Mitt Romney says he paid exactly what federal tax laws require, but it's hard not to notice the documents check all the boxes of a cartoon version of a Wall Street villain: Swiss bank accounts, funds in the Cayman Islands, and, The New York Times reports, original IPO shares in Goldman Sachs. Sifting through the 500 pages of tax documents (you wouldn't expect someone plotting to take over the world to file a 1040EZ) Kevin Roose finds that the Romneys were some of the lucky few who were able to buy Goldman shares when the firm went public in 1999. "Ordinary investors would not have been able to snag Goldman's I.P.O. shares -- they were reserved for the firm's most important clients -- which makes them the Wall Street equivalent of a Ken Griffey, Jr. rookie card," he writes. Romney's trust bought 1,000 shares at $53 each and sold them in December 2010 for $161.44 each.

Roose notes the sale was good timing -- it waited through the shares' low during the financial crisis, when they were worth less than $50, and sold them before another dip. Another bit of good timing is that the shares in the unpopular firm were sold right before Romney started campaigning hard for president. The tax returns also show Ann Romney paid $20,603 for servants' salaries in 2010, the Times' Floyd Norris reports. The speaking fees Romney described as "not that much" last week? They made him $528,871 in 2010. And this year, somebody somewhere paid $110,500, even though, as Slate's David Plotz points out, Romney was running for president. You could hear him speak for free just about any day of the week.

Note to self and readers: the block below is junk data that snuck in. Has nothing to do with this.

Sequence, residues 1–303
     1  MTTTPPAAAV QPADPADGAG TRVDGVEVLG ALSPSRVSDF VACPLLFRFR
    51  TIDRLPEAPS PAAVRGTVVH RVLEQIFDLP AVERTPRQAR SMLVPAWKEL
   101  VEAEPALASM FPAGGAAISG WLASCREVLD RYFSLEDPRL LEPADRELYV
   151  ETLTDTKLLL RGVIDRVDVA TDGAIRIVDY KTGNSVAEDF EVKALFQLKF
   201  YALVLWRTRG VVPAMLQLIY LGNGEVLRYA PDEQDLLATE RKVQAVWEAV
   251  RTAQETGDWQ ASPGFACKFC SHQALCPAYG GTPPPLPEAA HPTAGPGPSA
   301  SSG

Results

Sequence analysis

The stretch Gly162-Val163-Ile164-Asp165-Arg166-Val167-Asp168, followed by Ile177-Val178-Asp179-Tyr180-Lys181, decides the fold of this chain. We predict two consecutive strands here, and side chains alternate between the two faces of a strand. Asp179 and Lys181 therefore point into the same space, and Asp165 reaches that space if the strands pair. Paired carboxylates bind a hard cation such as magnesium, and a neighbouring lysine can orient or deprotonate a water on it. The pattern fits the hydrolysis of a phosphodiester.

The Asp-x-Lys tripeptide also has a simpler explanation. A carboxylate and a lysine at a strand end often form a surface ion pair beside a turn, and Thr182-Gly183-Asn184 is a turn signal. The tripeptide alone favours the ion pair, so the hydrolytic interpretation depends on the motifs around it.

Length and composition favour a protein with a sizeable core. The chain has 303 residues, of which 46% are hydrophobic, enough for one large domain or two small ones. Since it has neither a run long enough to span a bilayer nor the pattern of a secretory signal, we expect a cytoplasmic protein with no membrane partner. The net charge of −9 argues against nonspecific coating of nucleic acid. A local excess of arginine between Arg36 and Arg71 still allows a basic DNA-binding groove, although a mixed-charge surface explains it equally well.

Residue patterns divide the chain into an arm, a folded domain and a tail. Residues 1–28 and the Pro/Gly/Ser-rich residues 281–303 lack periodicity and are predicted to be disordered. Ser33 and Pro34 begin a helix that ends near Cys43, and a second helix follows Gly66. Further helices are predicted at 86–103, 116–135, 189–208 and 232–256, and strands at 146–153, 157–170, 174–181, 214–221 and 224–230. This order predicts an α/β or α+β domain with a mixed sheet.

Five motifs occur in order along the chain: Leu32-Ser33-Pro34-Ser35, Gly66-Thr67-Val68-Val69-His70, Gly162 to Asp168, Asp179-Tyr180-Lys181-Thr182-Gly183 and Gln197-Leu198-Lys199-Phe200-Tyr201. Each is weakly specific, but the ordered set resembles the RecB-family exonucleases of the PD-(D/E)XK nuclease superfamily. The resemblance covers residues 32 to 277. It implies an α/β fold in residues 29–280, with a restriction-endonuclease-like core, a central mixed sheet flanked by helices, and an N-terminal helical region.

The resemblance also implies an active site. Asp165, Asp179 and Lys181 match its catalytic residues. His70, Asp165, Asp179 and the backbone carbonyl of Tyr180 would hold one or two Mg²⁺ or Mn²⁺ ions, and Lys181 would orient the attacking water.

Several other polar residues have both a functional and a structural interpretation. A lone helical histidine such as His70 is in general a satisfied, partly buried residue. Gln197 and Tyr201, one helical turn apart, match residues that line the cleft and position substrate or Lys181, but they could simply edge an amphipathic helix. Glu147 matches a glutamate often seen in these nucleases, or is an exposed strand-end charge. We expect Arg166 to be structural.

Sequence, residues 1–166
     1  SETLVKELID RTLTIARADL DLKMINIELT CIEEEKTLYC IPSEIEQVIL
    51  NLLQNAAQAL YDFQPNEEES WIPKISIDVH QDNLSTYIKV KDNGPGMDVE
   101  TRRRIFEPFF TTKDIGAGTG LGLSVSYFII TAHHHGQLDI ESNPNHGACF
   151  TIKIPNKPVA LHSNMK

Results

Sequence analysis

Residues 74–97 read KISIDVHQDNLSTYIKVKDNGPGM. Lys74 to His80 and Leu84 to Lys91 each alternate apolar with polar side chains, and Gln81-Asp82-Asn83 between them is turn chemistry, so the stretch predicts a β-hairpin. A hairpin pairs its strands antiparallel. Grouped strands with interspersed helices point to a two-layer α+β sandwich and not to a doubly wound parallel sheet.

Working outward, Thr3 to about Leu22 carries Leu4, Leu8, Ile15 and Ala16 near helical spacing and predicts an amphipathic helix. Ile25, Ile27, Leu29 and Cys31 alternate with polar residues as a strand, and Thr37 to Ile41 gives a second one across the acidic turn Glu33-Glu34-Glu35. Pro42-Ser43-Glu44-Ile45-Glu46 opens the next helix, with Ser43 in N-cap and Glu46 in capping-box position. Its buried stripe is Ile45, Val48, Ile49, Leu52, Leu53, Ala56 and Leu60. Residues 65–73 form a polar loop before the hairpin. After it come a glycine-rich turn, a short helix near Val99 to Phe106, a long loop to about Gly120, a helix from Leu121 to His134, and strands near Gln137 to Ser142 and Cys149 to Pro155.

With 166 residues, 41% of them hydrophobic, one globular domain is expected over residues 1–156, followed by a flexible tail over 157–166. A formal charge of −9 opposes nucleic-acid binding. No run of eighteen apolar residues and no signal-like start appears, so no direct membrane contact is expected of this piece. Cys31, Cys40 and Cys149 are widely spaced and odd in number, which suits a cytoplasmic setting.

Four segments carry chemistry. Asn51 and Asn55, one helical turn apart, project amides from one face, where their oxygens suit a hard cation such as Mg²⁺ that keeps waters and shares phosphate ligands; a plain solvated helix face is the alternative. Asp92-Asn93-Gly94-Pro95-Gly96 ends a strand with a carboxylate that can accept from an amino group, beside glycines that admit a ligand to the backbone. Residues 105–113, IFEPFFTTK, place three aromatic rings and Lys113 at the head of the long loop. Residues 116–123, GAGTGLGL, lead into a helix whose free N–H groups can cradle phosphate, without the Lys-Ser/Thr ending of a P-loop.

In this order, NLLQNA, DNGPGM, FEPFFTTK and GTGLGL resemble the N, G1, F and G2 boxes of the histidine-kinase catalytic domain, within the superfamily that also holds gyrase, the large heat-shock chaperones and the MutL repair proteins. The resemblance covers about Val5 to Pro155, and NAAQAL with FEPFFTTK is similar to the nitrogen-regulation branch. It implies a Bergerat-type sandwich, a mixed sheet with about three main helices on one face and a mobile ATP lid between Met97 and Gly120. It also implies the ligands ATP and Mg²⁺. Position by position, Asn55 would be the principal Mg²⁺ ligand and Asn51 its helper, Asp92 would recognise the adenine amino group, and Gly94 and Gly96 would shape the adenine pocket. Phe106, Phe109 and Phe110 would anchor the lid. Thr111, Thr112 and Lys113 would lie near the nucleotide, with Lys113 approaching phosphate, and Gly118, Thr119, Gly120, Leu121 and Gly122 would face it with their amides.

There's a bit of a voyeuristic thrill in sifting through rich people's taxes -- not as good as snooping in their medicine cabinet or underwear drawer, but lots of fun nonetheless. The Washington Post's Chris Cillizza writes, "Romney had a Swiss bank account. Yes, it was closed in 2010 but the very idea of a Swiss bank account reeks of 'otherness.'" Speaking of fake Americans, The Post's Brad Plumer ranks Romney's tax rate as second lowest among recent presidential candidates. Who paid less? Man of the people John Kerry. Plumer points out that in 2003, Kerry paid a 13.1 percent rate because his return is lumped in with his super-rich wife, who made a lot of money from investments. "On his own, Kerry paid 22.9 percent in federal taxes in 2003 on his $395,338 salary, which included Senate income plus the sale of a 17th-century Dutch painting." Don't forget, guys: Kerry was the last "electable" candidate who didn't quite satisfy the base.